On May 8, 2009, FERC rejected proposed amendments to Entergy Services, Inc.’s (“Entergy”) System Agreement regarding allocation of bandwidth payments and receipts, finding that the Commission does not have jurisdiction to determine the allocation of such costs between state jurisdictions.

The Entergy system operates under a System Agreement that acts as an interconnection and pooling agreement, among other things, for the six Entergy operating companies. In Opinion No. 480, the Commission imposed a “bandwidth remedy” to equalize production cost disparities between the operating companies. On April 27, 2007, the Commission accepted Entergy’s proposed changes to Service Schedule MMS-3 of the System Agreement, including formulas for calculating actual and average production costs to determine receipts and payments under the +/- 11 percent bandwidth remedy.

Entergy then filed a proposed new section to its Service Schedule MSS-3 of the System Agreement (“2007 Allocation Amendment”), which would have confirmed the allocation of an individual operating company’s bandwidth payment or receipt to wholesale loads, if any. In addition, Entergy proposed amendments regarding allocation of bandwidth payments or receipts between Entergy Gulf States’ (“EGS”) retail customers in Texas and Louisiana. The Commission determined that the 2007 Allocation Amendment filing was premature, and stated that Entergy may raise its concerns about allocation once a state-ordered allocation of an operating company’s bandwidth payments results in a “trapping of costs.”

Subsequently, the Louisiana Public Service Commission (“Louisiana Commission”) and Public Utility Commission of Texas (“Texas Commission”) used different methodologies to determine the allocation of bandwidth receipts to Texas and Louisiana EGS retail customers. As a result of this discrepancy, Entergy claims, the amount of bandwidth receipts to be allocated between retail customers in the two states exceeds EGS’s actual bandwidth receipts by $18.6 million, resulting in trapped costs. Entergy also argued that the Texas Commission’s allocation method did not remedy the disparity from system average production costs, which was the intended result of the bandwidth allocation method.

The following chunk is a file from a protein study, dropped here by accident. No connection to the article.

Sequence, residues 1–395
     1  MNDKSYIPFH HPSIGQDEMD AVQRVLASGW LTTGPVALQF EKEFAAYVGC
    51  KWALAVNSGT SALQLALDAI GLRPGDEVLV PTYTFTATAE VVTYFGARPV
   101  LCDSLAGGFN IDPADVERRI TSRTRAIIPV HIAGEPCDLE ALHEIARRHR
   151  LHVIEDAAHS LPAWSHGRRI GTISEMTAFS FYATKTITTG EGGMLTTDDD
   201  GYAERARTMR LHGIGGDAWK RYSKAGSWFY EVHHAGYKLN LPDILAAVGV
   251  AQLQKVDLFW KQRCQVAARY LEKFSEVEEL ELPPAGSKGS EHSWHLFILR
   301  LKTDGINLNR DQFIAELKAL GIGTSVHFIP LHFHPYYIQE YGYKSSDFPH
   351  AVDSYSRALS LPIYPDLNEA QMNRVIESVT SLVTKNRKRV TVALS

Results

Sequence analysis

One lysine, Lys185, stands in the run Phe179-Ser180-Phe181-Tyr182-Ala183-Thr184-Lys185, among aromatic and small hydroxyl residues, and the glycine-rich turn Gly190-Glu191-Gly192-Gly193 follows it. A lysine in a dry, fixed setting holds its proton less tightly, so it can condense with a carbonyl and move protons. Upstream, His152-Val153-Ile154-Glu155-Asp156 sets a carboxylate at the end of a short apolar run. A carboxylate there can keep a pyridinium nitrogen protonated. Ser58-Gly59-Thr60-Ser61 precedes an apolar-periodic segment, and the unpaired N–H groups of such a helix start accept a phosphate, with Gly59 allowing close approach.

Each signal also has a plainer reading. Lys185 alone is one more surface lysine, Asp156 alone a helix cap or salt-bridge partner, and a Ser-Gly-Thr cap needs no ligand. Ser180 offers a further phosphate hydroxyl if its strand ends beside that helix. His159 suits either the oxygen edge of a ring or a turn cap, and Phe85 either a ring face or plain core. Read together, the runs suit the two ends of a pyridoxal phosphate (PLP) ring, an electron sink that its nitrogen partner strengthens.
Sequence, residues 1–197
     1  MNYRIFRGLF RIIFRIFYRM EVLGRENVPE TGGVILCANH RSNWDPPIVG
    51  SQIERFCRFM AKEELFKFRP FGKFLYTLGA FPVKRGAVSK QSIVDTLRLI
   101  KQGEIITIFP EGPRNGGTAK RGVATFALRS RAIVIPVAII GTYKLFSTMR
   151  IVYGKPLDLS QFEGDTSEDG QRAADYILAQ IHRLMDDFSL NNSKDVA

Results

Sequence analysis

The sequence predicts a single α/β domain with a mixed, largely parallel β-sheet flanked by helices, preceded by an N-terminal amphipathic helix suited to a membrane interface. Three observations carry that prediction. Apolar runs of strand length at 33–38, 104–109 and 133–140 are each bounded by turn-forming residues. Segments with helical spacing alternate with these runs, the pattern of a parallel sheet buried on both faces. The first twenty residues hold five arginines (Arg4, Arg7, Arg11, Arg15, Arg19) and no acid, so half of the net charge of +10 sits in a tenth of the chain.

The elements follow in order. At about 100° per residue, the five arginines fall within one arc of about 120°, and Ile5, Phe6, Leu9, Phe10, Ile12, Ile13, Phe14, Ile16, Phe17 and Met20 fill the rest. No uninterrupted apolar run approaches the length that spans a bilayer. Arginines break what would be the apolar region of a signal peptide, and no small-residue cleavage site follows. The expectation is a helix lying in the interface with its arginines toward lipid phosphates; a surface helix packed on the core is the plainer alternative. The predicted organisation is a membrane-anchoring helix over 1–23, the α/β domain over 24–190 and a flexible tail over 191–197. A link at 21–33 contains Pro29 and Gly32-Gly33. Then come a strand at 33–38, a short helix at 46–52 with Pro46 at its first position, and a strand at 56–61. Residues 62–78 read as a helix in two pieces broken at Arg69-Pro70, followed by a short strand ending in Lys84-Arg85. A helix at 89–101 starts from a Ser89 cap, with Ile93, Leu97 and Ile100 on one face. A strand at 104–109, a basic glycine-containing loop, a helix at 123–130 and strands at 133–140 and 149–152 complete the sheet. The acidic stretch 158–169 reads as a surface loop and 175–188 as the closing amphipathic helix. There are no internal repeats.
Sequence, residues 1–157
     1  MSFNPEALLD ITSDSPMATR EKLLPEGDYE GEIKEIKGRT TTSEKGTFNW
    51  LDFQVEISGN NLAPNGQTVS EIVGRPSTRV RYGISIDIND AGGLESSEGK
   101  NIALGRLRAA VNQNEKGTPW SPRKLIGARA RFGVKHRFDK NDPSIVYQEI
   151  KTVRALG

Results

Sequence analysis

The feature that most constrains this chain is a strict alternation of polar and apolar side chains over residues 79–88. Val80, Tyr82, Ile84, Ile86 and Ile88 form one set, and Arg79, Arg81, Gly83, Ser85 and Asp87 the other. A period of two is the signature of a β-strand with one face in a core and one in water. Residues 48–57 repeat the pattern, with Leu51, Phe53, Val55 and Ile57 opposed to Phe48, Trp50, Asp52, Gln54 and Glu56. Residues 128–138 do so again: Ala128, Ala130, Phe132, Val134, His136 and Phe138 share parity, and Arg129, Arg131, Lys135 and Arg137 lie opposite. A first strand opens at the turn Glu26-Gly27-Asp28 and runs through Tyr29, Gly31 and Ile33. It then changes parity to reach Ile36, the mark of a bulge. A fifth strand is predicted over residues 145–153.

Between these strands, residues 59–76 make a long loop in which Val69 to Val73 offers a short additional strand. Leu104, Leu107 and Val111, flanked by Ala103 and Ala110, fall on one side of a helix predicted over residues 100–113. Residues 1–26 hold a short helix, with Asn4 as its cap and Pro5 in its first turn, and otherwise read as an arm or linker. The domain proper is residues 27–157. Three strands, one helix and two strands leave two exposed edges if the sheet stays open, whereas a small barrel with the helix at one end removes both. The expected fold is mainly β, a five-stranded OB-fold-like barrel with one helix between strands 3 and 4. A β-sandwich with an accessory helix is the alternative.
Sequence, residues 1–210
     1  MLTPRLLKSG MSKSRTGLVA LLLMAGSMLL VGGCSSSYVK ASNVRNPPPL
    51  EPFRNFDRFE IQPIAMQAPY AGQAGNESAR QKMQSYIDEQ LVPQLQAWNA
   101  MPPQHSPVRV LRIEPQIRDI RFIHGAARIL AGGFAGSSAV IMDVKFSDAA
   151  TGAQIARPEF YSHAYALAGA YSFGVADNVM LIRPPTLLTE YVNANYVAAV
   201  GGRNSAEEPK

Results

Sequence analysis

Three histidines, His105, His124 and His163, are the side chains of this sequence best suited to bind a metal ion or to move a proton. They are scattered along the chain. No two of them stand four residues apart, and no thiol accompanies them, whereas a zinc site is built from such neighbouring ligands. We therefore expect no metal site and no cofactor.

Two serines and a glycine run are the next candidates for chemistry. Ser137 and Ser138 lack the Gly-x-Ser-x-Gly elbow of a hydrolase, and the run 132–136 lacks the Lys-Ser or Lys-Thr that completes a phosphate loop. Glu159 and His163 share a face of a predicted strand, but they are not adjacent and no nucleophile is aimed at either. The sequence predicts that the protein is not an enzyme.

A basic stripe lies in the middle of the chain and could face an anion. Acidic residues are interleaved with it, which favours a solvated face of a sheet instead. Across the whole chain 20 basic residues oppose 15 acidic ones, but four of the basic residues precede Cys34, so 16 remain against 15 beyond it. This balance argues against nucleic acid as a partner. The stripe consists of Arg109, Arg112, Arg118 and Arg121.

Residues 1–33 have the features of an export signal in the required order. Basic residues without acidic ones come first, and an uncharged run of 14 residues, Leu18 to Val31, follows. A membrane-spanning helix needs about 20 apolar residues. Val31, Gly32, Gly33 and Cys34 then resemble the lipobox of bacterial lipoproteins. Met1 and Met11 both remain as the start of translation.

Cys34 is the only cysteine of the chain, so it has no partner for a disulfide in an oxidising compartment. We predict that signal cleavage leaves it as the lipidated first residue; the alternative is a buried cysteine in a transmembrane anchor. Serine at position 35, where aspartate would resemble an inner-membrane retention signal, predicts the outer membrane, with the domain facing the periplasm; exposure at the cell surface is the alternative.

In the instant filing, Entergy proposed two alternative mechanisms for rectifying the allocation discrepancy. Under Option 1, Entergy filed the same proposal as the 2007 Allocation Amendment. Option 2 (“the EGS Allocation Amendment”) would add a new section 30.15 to the Service Schedule MSS-3 to require the use of the bandwidth formula methodology for allocating EGS’s 2007 bandwidth receipts between Louisiana and Texas. The 2007 Allocation Amendment addresses a broader range of allocation issues than is necessary to remedy the current situation, whereas the EGS Allocation Amendment is narrowly tailored to address the discrepancy created by the Texas Commission order.

Protesters, including the Texas and Louisiana Commissions, argued that the Commission does not have the authority to make retail rate determinations, as requested by Entergy. While the states must allow utilities to pass through Commission-approved wholesale costs to their retail customers, the allocation of such costs between state jurisdictions and classes of retail customers has traditionally been a state commission decision.

The Commission rejected Entergy’s proposed amendments, and agreed with protestors that any issues related to the allocation of an individual utility’s payments or receipts to retail customers are beyond the jurisdiction of the Commission. Furthermore, the Commission noted that the Texas Commission’s retail allocation decision does not conflict with the Commission’s allocation for wholesale sales between the Entergy operating companies, but that it accepts the Commission’s determination of the amount of receipts to be distributed to EGS under Service Schedule MSS-3. Commission-approved allocation is not violated because two states allocated the receipts differently among their respective retail customers.